During my re-exploration of London, I got two strong impressions; of shabbiness and of goodwill. The Londoners themselves were shabby—many of them stared longingly at my new overcoat—and their faces were still wartime faces, lined and tired. But they didn’t seem depressed or sullen. This may sound like a stupidly sweeping statement by a casual visitor; but I have seen a thoroughly depressed nation—the German in 1932. The English were not in the least like that. For instance, the girls at the ration board, which surely must have been the most exasperating of jobs, were quite gratuitously pleasant. ‘It seems so silly,’ one of them remarked to me, ‘to have to call Americans aliens.’ And this wasn’t just a chance encounter with a solitary xenophile, for I heard another girl being extremely sympathetic to a native lady with an obviously unreasonable grievance. On another occasion, when I was on a train, a young couple sat next to me who were about to emigrate to Australia; their baggage, already labelled for the voyage, proclaimed this fact. The other passengers in my compartment congratulated the couple on their decision and questioned them eagerly about their plans—all this without the slightest hint of bitterness or criticism. Of course, this goodwill was somewhat of the grin-and-bear-it variety which is produced by national emergencies; but it had certainly made London a much friendlier place for a stranger to visit. The only negative aspect of it was, perhaps, that the English had become a little too docile for their attitude toward official regulations. ‘We’re a nation of queue-formers,’ someone said. I experienced the truth of this for myself, one afternoon, when I went to a cinema, found that the film I wanted to see had five minutes left to run, and decided to wait outside till it was over. When next I turned my head, I saw that a line of half a dozen people had grown behind me.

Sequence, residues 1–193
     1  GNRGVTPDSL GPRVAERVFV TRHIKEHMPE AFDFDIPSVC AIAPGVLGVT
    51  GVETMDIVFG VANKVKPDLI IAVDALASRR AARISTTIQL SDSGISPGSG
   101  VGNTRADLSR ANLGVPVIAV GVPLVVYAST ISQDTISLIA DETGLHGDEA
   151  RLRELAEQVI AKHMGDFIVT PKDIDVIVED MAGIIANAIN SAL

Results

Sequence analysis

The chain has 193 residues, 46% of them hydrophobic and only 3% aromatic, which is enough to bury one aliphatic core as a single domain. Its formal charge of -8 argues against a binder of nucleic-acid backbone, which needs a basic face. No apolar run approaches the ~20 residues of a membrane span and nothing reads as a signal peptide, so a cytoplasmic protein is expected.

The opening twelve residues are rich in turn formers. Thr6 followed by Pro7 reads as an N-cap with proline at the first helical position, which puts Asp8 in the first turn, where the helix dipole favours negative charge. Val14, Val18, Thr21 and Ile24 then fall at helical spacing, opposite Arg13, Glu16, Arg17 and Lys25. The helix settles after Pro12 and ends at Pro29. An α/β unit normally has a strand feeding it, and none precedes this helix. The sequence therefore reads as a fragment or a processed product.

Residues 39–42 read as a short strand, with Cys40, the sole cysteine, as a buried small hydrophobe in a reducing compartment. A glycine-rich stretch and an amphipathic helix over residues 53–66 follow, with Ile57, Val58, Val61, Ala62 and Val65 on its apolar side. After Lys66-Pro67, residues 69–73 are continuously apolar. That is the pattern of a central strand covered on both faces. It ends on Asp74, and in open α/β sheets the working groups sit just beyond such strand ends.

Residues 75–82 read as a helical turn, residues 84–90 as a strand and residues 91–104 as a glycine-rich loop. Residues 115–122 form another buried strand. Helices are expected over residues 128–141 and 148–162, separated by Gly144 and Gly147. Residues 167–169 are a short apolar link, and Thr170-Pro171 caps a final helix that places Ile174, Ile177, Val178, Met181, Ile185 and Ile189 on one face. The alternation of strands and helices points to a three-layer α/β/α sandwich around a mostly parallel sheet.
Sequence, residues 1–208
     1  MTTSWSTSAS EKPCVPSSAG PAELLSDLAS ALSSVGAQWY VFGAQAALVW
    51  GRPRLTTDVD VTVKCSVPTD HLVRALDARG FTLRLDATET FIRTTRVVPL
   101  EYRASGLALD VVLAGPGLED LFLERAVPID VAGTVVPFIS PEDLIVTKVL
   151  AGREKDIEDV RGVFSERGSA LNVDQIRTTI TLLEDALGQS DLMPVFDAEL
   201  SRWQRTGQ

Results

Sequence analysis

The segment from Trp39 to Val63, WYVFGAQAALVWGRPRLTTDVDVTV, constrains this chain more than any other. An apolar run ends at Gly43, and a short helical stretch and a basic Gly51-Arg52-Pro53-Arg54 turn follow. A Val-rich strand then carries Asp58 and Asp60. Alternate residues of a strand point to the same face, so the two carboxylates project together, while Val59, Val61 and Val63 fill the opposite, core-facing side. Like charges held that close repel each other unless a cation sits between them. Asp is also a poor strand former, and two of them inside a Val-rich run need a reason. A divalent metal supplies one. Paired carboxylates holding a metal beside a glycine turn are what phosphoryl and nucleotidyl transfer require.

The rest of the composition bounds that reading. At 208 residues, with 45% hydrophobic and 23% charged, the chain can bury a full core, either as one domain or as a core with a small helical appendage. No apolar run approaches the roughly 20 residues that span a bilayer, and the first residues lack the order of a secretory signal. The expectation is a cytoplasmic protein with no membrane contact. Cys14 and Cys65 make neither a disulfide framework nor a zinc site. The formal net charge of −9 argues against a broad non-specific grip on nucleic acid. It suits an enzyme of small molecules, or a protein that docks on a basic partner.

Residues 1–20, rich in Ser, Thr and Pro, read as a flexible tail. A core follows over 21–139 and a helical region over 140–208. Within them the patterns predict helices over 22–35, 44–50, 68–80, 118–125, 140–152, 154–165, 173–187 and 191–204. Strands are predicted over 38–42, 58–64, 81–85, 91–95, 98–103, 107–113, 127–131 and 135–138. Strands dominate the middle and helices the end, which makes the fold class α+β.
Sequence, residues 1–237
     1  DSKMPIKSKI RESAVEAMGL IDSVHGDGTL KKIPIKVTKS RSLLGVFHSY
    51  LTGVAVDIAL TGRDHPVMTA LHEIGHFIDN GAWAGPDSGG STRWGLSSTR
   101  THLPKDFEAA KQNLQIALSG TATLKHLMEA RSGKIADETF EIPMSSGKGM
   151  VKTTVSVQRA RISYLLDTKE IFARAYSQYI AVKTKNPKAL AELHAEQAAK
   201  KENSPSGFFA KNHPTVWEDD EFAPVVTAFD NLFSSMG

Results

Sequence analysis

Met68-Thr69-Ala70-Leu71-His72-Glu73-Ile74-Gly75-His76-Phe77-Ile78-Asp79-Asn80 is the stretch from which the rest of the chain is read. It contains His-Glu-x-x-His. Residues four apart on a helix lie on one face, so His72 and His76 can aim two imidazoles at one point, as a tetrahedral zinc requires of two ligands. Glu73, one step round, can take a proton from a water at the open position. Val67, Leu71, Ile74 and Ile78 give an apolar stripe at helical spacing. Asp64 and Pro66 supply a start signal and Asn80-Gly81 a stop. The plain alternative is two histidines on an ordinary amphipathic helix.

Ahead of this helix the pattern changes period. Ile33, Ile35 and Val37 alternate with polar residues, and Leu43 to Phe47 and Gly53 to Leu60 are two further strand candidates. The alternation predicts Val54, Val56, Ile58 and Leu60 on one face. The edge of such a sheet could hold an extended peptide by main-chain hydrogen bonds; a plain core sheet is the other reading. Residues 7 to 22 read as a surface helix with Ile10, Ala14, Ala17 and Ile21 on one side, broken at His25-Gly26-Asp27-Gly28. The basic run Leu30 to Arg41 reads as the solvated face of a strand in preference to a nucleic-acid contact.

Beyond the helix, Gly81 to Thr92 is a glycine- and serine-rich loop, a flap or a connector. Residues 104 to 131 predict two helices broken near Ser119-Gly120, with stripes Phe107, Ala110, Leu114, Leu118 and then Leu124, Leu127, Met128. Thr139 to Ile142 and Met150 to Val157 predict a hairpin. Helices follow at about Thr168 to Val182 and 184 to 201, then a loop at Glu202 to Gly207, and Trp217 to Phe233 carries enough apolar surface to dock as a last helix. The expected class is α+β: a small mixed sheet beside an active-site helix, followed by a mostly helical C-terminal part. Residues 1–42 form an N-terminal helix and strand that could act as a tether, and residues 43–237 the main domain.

London’s shabbiness was another matter; it didn’t seem to me to have a cheerful side. The actual bomb damage gave you a series of sudden shocks—as when, one evening, I spend some time ringing the doorbell of a house, until I happened to look up through the fanlight and saw that the place was an empty shell, smashed wide open to the stars. Yet the shabbiness was more powerfully and continuously depressing. Plaster was peeling from even the most fashionable squares and crescents; hardly a building was freshly painted. In the Reform Club, the wallpaper was hanging down in tatters. The walls of the National Gallery showed big and unfaded rectangles, where pictures had been removed and not yet rehung. Many once stylish restaurants were now reduced to drabness and even squalor. The shortage of materials made all but the most urgent repairs illegal. I heard some weird tales of builders who were smuggled into private homes in their Sunday suits as ‘guests’, and who didn’t emerge until their ‘visit’—with much record playing to drown the sound of hammering—was over. London’s shabbiness was so sad, I thought, because it was unwilling—quite unlike the cheerful down-at-heel air of some minor Latin American capital. London remembered the past and was ashamed of its present appearance. Several Londoners I talked to at that time believed it would never recover. ‘This is a dying city,’ one of them told me.